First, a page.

30 years after Man in Motion tour, Rick Hansen still fighting for accessibility
Originally published on September 21, 2017
Thirty years after his Man in Motion World Tour, Rick Hansen says Canada still has miles to go before people with disabilities have full accessibility to public spaces.
"We need a wake-up call," Hansen tells The Current's Anna Maria Tremonti.
"We need to actually see our built environment — you know, the place where we live, work, play and learn — they have to become completely inclusive. And we got to move from a potpourri of random responses to accessibility, to a professionalized, accredited lens in the entire development chain, from architects, to engineers to city planners, to advocates — all using the same viewpoint and standards."
Hansen says the need to make public spaces accessible is becoming increasingly urgent as the baby boom generation grows older.
"Right now there's over a billion people on the planet living with a disability according to the World Health Organization — that is one in seven people. That will be like one in five by 2035," he tells Tremonti.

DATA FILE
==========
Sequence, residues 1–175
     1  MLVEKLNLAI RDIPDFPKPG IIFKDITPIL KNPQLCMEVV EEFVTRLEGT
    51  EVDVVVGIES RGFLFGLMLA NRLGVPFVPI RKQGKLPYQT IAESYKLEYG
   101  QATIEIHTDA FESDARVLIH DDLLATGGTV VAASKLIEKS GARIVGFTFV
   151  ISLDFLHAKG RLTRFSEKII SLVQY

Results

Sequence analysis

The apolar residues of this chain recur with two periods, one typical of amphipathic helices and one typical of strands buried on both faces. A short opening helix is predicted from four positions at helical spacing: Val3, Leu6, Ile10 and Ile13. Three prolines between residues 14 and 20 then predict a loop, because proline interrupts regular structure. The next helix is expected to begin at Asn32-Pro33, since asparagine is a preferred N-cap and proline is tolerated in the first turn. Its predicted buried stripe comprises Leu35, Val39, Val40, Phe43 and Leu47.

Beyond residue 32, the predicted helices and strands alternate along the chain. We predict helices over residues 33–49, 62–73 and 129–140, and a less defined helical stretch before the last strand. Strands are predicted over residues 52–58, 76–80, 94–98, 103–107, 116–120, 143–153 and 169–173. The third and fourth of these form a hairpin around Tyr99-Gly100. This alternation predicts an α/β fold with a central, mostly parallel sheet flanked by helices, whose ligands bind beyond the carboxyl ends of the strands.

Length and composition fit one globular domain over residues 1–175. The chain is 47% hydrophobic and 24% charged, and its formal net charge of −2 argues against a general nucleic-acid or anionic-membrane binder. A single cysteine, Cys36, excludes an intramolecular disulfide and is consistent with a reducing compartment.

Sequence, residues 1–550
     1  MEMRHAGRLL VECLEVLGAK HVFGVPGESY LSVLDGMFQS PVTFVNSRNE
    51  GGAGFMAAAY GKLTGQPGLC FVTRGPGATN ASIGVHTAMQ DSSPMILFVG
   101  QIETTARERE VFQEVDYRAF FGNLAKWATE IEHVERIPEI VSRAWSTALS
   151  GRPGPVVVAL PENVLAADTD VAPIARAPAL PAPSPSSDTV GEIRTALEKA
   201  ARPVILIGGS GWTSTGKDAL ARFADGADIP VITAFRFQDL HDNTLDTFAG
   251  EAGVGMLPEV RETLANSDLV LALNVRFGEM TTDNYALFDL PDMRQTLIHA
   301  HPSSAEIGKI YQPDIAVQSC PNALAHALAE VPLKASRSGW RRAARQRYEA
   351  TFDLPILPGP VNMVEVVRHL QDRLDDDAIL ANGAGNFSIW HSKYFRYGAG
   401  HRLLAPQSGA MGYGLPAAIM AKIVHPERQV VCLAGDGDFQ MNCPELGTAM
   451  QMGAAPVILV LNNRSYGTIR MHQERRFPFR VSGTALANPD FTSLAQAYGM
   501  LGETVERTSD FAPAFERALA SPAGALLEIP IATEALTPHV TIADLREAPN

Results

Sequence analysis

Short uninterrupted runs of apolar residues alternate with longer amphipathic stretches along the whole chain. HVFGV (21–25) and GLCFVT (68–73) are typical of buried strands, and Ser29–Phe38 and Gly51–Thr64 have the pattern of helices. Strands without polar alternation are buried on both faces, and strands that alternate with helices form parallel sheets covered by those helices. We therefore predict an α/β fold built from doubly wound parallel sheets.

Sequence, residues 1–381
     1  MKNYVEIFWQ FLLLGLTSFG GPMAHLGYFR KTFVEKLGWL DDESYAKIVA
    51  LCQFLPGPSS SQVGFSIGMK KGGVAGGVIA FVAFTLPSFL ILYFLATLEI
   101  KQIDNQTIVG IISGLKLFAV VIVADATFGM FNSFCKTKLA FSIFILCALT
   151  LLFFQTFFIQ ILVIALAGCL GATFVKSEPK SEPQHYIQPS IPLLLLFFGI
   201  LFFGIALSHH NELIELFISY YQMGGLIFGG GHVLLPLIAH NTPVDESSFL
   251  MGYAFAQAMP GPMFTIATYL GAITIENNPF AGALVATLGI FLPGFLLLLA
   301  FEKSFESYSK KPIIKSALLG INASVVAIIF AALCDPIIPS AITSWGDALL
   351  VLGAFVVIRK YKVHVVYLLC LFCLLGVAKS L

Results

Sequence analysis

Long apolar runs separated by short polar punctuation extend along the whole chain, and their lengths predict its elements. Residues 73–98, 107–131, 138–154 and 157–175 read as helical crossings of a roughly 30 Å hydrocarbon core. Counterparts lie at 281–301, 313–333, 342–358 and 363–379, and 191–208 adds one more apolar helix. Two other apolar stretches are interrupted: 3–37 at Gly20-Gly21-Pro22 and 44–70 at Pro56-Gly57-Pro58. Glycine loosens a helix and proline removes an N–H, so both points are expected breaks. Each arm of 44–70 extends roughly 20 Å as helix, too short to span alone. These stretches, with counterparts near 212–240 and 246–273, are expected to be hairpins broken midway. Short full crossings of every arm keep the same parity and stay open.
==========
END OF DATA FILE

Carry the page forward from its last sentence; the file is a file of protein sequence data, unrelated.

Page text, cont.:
"In Canada that will be nine million Canadians. It will affect everybody. So it's also now becoming an economic and cultural imperative."
Hansen became a world-wide celebrity in 1987 when he completed his Man in Motion tour, in which he travelled through 34 countries and rolled over 40,000 km. The 26-month marathon raised $26 million to bring awareness around issues of living with disabilities.
The Rick Hansen Foundation continues to raise millions of dollars for research and advocacy work on behalf of people living with disabilities.
Hansen says that when he lost the ability to walk after a truck accident when he was just 15, he felt hopeless. The world, he says, was a very dark place. Today, he looks back at that time differently.
"I would have sold my soul back then for the use of legs, and I thought my life was over," he tells Tremonti.
"And looking back I would never trade my life for the use of my legs. I am one of the luckiest guys on the planet."
This segment is part of our season-long series Adaptation looking at the surprising, innovative, and sometimes ill-advised ways we accommodate a rapidly shifting world.
Listen to the full conversation near the top of this web post.
This segment was produced by The Current's Howard Goldenthal.